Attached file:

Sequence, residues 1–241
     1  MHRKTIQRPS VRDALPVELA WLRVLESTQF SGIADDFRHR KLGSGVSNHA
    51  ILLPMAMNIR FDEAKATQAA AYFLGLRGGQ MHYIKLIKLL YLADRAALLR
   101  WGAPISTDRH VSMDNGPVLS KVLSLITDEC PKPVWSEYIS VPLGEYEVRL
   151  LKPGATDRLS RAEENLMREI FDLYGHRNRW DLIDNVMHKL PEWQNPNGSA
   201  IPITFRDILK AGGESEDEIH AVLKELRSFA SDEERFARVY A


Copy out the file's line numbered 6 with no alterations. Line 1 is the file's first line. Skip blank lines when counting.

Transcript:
   201  IPITFRDILK AGGESEDEIH AVLKELRSFA SDEERFARVY A